Trinidad Judge Orders Release of Antiguan Man

684

Thursday 14th March, 2019-A High Court judge in Trinidad has ordered the im­me­di­ate re­lease of a man from An­tigua and Bar­bu­da whose de­por­ta­tion was de­layed for over five months as he is await­ing tri­al for a se­ries of fraud and lar­ce­ny charges.

De­liv­er­ing a 16-page judg­ment at the Hall of Jus­tice in Port-of-Spain, yes­ter­day af­ter­noon, Jus­tice Vasheist Kokaram ruled that im­mi­gra­tion of­fi­cers did not have the pow­er to de­lay Troy Thomas’ de­por­ta­tion be­cause he had pend­ing crim­i­nal mat­ters.

“If in­deed it was ev­i­dent to the au­thor­i­ties that his de­por­ta­tion could not be ef­fect­ed with­in a rea­son­able pe­ri­od of time as a re­sult of his pend­ing crim­i­nal charges then he ought to have been re­leased,” Kokaram said.

Ac­cord­ing to the ev­i­dence in the case, Thomas was first de­tained by im­mi­gra­tion of­fi­cials and or­dered to be de­port­ed on March 2, 2007.

With his ap­peal against the de­ci­sion pend­ing, Thomas was re­leased on a se­ries of su­per­vi­sion or­ders from the Im­mi­gra­tion Di­vi­sion.

While on the or­ders, Thomas al­leged­ly com­mit­ted the fraud and lar­ce­ny of­fences and was re­leased on bail pend­ing the tri­als of the cas­es.

According to the Trinidad Guardian, In Oc­to­ber last year, he was again de­tained by Im­mi­gra­tion of­fi­cials, who sought to im­me­di­ate­ly en­force the pre­vi­ous­ly stayed or­der, based on his re­peat­ed non-com­pli­ance.

How­ev­er, they opt­ed to not push through the de­por­ta­tion un­til it re­ceived ad­vice from the Of­fice of the Di­rec­tor of Pub­lic Pros­e­cu­tions (DPP) on the crim­i­nal charges.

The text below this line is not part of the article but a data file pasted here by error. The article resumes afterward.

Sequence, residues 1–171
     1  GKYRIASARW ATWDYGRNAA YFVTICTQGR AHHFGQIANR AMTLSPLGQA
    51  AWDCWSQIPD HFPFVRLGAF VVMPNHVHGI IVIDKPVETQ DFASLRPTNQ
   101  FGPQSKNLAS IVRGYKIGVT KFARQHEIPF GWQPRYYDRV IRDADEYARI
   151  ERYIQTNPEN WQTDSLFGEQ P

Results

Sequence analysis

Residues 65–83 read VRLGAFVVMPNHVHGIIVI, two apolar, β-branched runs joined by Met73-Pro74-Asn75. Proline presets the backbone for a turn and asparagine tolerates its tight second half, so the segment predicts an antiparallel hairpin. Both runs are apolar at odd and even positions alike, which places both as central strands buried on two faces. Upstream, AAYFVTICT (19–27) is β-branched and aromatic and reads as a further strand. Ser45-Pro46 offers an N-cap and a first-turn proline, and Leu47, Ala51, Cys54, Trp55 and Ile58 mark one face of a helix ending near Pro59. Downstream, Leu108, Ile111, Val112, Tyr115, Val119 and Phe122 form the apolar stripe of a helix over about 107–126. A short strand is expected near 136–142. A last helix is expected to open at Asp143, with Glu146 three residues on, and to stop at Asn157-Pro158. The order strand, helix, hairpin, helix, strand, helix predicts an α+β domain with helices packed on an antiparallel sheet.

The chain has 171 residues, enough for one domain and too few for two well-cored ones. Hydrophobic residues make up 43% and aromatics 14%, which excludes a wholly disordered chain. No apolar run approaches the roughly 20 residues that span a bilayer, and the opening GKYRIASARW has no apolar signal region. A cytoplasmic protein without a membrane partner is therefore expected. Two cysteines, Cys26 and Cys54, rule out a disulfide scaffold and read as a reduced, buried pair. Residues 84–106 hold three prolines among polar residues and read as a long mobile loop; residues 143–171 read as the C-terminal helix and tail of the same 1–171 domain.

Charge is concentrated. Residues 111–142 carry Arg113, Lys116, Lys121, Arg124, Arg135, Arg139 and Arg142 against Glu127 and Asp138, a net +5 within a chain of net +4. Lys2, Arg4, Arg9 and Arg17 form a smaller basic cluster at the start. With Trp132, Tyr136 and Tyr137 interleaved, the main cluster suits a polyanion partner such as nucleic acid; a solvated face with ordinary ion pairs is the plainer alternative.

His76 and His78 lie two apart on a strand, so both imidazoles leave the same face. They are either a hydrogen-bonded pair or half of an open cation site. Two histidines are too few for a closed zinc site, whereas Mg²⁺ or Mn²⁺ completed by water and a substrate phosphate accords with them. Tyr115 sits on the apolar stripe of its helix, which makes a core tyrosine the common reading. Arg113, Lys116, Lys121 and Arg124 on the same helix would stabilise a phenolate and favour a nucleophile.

In his claim, Thomas’ lawyer Ger­ald Ramdeen con­tend­ed that Thomas should not have been de­tained based on the crim­i­nal charges. He al­so con­tend­ed that he (Thomas) should have been de­port­ed by the Im­mi­gra­tion Di­vi­sion and then ex­tra­dit­ed by the DPP’s Of­fice to face tri­al.

In his judg­ment, Kokaram agreed with Ramdeen’s analy­sis of what should have been done.

While Kokaram ruled that the di­vi­sion was jus­ti­fied in con­sid­er­ing the charges and the fact that Thomas had breached pre­vi­ous su­per­vi­sion or­ders, it had very lit­tle choice

As part of the judg­ment, Kokaram gave the Im­mi­gra­tion Di­vi­sion ad­vice on han­dling such cas­es in the fu­ture.

He not­ed that de­por­ta­tion or­ders may on­ly be de­layed for a rea­son­able time in cir­cum­stances where the di­vi­sion is hav­ing is­sues in ex­e­cut­ing the or­der due to ad­min­is­tra­tive is­sues.

How­ev­er, Kokaram not­ed that there was leg­is­la­tion al­ready in place for de­por­ta­tion to be de­layed in cir­cum­stances when a per­son has to serve a prison sen­tence be­fore.

The ad­vice was ac­cept­ed by Chief Im­mi­gra­tion Of­fi­cer Char­maine Gand­hi-An­drews, who was present in court along with sev­er­al se­nior im­mi­gra­tion of­fi­cers.

The de­ci­sion was not a to­tal de­feat for im­mi­gra­tion of­fi­cials are they are still per­mit­ted to re-de­tain Thomas, pro­vid­ed that they in­tend to de­port him with­in a rea­son­able time.